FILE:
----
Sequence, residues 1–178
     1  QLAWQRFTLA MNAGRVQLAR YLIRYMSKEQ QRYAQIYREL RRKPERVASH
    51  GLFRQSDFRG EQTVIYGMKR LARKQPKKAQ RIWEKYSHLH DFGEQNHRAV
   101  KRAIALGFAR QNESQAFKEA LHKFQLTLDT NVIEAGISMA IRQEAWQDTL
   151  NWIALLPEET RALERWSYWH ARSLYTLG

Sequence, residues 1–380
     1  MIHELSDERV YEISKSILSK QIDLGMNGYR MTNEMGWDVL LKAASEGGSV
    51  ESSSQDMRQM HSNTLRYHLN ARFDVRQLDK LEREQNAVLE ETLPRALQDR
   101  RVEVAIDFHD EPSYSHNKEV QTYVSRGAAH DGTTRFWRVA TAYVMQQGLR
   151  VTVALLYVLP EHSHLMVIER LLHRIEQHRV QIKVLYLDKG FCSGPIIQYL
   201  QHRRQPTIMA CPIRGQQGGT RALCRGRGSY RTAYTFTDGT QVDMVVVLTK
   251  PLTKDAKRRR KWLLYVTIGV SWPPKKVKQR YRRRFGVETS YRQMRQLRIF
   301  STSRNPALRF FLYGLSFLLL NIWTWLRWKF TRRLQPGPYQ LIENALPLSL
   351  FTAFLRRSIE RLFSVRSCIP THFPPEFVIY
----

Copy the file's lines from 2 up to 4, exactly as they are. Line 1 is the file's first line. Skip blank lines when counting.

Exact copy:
     1  QLAWQRFTLA MNAGRVQLAR YLIRYMSKEQ QRYAQIYREL RRKPERVASH
    51  GLFRQSDFRG EQTVIYGMKR LARKQPKKAQ RIWEKYSHLH DFGEQNHRAV
   101  KRAIALGFAR QNESQAFKEA LHKFQLTLDT NVIEAGISMA IRQEAWQDTL